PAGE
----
>> Currently I'm just setting a single parameter from the right inlet of the
>> object. Once the computation is done, the return value(s) can come out
>> of the right outlet.
>> The novel business happens in the left inlet/outlet
>> [bang, 12(
>> |
>> [vm foo;
>> + foo 20 1]
>> |        |
>> [vn bar;
>> - bar 63 bar]
>> |
>> [etc.]
>> The "bang" tells "vm" to get ready for computation.
>> The float method then sends 12 "coins" to the inlet. That means
>> that the object is allowed to do 12 operations before it suspends
>> computation.
>> Notice in the first [vm] we've only got one explicit operation-- adding
>> two numbers. There's another implicit operation where the return value
>> is sent to the right outlet. So even though we had 12 "coins" to start,
>> our computation only used up 2 of them.
>> After the right inlet spits out the output, the left outlet spits out the
>> "change"-- the leftover "coins" that went unused. Thus, the
>> next "vm" object receives "10" coins to its inlet.
>> And so on and so forth all the way down the chain.
>> So what happens if we don't give a "vm" enough coins to compute its
>> output? It just halts. But you can resume the computation where it left off
>> by sending more coins to the left inlet. (If you send coins after computation
>> is finished the "vm" just passes them through.)
>> AFAICT this lets us deterministically suspend and resume computation in the
>> control domain without blocking DSP. Consider:
>> [bang~]
>> |
>> [20(
>> |
>> [vm var1;
>> some large number;
>> of operations in this;
>> script to calculate;
>> some values for a;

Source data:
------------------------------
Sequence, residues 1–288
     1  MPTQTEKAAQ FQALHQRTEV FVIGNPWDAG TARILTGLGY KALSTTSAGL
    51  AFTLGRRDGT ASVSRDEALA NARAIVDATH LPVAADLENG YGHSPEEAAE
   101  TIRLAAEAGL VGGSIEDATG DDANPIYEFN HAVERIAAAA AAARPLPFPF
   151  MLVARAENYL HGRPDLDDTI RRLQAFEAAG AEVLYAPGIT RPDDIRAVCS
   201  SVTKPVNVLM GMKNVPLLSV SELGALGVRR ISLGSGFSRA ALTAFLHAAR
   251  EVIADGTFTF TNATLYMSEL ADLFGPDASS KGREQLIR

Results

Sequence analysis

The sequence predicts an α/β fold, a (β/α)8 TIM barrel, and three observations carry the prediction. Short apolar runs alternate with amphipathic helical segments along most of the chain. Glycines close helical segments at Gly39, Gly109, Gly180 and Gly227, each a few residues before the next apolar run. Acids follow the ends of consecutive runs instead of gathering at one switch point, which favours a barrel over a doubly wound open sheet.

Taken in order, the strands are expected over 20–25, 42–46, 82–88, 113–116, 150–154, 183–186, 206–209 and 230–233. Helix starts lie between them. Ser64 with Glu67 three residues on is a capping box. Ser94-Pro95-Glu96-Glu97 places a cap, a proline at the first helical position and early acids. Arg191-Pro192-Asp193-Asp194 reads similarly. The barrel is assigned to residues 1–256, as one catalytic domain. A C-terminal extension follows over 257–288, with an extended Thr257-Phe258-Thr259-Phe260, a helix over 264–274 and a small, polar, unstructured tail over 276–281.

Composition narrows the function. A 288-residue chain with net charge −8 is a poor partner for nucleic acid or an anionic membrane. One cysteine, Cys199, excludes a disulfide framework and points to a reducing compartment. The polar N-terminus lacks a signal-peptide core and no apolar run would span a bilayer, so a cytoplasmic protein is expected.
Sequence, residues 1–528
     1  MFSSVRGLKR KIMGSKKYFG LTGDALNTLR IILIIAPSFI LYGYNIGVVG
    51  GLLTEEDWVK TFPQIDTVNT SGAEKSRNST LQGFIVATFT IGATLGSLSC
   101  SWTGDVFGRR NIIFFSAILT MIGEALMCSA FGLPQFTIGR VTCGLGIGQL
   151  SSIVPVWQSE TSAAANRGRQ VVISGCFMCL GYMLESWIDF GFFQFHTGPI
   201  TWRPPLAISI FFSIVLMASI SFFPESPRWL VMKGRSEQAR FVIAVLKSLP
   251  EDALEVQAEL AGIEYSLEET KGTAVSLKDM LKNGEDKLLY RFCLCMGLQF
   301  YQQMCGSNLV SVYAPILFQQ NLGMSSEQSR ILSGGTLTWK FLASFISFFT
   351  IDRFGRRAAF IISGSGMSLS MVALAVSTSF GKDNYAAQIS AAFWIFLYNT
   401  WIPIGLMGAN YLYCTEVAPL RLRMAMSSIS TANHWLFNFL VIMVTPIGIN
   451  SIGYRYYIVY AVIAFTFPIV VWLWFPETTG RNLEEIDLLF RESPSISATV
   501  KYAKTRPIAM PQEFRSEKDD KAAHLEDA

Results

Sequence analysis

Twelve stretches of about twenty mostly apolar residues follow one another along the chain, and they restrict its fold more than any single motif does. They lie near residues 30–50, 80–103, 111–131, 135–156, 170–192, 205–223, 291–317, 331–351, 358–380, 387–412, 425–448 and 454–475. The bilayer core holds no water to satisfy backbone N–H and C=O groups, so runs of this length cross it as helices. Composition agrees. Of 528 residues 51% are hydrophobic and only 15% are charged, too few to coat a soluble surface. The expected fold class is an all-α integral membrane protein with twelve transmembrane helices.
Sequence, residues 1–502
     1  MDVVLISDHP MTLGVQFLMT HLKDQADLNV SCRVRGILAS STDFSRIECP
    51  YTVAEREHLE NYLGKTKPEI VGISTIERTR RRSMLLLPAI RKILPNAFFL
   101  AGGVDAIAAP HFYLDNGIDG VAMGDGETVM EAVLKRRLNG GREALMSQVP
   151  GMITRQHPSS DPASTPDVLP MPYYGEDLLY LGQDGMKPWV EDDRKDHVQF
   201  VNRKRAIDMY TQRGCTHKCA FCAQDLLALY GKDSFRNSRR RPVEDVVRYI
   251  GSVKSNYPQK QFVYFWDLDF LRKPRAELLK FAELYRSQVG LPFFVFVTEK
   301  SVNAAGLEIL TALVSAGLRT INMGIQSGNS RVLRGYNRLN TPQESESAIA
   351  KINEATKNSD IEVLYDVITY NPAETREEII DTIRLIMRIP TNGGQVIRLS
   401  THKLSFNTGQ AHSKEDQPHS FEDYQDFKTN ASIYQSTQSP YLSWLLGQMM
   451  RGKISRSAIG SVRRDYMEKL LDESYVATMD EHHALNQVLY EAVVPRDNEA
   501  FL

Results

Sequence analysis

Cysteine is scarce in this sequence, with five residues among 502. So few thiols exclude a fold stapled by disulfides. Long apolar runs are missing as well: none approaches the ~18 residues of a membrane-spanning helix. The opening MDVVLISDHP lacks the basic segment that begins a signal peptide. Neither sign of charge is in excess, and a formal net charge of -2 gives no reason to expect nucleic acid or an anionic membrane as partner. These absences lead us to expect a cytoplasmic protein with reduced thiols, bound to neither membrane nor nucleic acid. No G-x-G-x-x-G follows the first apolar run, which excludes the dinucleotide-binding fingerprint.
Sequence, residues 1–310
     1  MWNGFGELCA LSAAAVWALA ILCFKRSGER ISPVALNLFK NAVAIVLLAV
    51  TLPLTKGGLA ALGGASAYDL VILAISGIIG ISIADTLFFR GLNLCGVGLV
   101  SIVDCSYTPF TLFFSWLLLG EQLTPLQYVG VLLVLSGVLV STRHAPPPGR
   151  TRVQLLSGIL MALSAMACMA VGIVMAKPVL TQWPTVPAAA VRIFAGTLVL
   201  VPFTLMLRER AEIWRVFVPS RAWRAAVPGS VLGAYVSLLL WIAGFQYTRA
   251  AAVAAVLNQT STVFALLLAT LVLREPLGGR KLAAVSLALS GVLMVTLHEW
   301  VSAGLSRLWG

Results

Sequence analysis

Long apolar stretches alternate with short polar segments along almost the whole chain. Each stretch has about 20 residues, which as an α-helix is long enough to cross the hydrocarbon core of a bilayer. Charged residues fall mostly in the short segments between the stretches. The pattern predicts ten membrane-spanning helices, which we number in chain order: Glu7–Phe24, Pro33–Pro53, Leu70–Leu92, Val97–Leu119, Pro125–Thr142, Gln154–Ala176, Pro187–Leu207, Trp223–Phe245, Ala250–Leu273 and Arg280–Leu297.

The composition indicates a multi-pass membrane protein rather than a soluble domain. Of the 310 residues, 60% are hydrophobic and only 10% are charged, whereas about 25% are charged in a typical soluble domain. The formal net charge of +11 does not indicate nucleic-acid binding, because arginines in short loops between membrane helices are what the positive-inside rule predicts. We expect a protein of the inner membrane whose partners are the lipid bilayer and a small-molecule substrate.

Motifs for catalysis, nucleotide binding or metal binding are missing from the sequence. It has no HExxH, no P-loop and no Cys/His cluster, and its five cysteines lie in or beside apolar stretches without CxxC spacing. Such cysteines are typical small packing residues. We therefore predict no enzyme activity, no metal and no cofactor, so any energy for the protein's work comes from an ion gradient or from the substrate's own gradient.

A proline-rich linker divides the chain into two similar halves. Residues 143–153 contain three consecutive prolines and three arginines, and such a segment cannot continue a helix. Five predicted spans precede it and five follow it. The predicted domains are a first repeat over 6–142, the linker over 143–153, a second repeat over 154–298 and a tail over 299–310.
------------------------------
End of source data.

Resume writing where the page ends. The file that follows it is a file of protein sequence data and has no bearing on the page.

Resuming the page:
>> physics engine;]
>> Even though the script may not be able to finish in time for a DSP
>> deadline, we're only computing 20 operations of the script each block.
>> That's very unlikely to interrupt the audio. So as long as we can reach
>> the end of the script in time to update the graphics or whatever we're
>> trying to achieve, then we should repeatedly hit those deadlines without
>> a problem.
>> Additionally, we can afford to be rather sloppy with the features here. We
>> can allow the users to make loops, even infinite ones, without fear of
>> locking up the running Purr Data instance. Of course allowing fancier
>> branches and loops in the scripts increases the likelihood of surprises
>> wrt the number of operations to compute the output. But Pd users seemed
>> used to testing weird things until they kind of work.
>> Anyhow, I'll keep adding ops to this and start looking into some more
>> friendly syntax.
>> The real sticking point will be the entry and exit points. I don't think we
>> want to allow arbitrary and/or dynamically sized lists and arrays to
>> be read and written. Otherwise we'll have to copy lots of data to protect
>> against stale references, and that will easily become a performance
>> bottleneck. But I think there's a way to require statically-sized,
>> protected data inside the "vm" while still getting pretty expressive
>> operations in the script.
>> -Jonathan